KOREAN AIR, the largest airline and flag carrier of South Korea based on fleet size, international destinations, and international flights, has made the difficult decision to remove first class on 76 of their 111 routes.
This means only 35 routes, some 30 percent of Korean Air’s international flights, will still have first class.
According to The Korea Herald, the change was due to low demand for first class tickets and a need to maximize profitability and efficiency. With this change, Korean Air will only have economy and business class on 76 of their 111 routes.
“We decided to apply two class seat options for flights to tourism destinations where there was low demand for first class. We will do our best to minimize the inconvenience of first class passengers and maintain quality service for prestige-class passengers,” a Korean Air spokesperson said.
For example, the Brisbane to Seoul and Sydney to Seoul flights are set to lose first class. This will be joined by the Toronto, Vancouver, Barcelona, Madrid, Istanbul, Zagreb, Brisbane, Auckland, Nadi routes as well, according to FlightGlobal. The changes will come into effect from June 1, 2019.
Currently, there is no first class seating for most of Korean Air’s short-haul routes but the airline will maintain first class on routes to Beijing, Osaka, Hong Kong, Taipei, Bangkok, Singapore, Manila, Jakarta, Hanoi, and a handful of its long-haul routes.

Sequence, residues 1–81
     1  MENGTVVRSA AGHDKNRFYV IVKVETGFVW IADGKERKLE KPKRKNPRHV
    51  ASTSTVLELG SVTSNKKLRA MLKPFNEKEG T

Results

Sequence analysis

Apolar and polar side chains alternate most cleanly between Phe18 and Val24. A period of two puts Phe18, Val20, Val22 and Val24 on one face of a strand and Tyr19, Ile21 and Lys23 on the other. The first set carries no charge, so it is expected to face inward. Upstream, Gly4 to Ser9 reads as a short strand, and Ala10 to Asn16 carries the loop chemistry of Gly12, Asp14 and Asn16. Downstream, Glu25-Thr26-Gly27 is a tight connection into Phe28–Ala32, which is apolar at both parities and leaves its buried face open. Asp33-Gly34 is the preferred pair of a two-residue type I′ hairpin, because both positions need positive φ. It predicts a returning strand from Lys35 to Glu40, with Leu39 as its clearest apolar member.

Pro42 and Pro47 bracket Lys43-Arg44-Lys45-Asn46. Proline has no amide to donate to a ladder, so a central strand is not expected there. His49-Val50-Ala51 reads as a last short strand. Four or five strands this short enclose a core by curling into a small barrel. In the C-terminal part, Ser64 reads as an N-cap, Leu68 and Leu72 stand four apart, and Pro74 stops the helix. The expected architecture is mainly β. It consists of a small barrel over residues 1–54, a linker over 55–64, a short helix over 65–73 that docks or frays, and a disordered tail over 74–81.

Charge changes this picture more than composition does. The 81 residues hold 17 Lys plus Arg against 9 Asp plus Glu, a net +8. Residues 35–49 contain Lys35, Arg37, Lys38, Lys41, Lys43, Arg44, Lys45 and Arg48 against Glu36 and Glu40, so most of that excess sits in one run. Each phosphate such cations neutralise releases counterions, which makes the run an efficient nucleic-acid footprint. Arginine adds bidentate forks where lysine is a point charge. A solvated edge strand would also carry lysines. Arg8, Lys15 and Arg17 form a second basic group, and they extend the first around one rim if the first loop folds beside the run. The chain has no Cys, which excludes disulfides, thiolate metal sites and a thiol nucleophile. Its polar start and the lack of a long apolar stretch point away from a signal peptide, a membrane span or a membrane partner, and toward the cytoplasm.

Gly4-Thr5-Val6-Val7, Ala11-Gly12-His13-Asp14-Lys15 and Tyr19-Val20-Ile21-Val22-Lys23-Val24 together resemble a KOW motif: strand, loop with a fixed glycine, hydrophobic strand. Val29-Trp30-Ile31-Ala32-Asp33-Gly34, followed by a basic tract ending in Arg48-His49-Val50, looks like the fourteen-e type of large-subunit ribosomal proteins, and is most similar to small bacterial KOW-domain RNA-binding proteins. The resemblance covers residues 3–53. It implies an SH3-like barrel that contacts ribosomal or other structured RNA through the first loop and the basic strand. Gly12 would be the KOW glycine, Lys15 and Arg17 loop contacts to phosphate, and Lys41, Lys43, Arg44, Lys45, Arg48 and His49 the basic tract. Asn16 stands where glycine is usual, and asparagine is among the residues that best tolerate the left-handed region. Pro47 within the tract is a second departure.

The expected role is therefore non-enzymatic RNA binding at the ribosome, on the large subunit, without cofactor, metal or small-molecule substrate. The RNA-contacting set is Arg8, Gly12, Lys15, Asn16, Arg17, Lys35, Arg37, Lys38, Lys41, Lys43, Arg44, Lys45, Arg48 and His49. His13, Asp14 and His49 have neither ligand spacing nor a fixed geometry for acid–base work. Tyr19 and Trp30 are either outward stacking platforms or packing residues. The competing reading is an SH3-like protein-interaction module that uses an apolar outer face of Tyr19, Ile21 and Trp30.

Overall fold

Korean Air uses the same seats for first and business class for flights operating on their Boeing 787 and Airbus A330 aircraft. The only difference between these classes is the food and service. On the airline’s Boeing 777, Boeing 747, and Airbus A380, however, the first and business class cabins are very obviously different.
Korean Air is not the first airline to do away with first class. In recent years, a number of airlines including British Airways, Delta, and United have traded in their first class seats in favor of more business class and economy seating.
This is because the demand for first class travel has dwindled over the years despite luxurious perks like fine dining-standard inflight meals, more legroom, privacy and exclusivity, 180-degree lie-flat seats, individual wide-screen movie theatre, and more.
According to The Economist, executives are opting for business class and many former first class customers are choosing to fly private. To add on, the quality of business class seating has seen impressive improvements as well so travelers will be seated just as comfortably for less.
For more information, visit Korean Air’s website.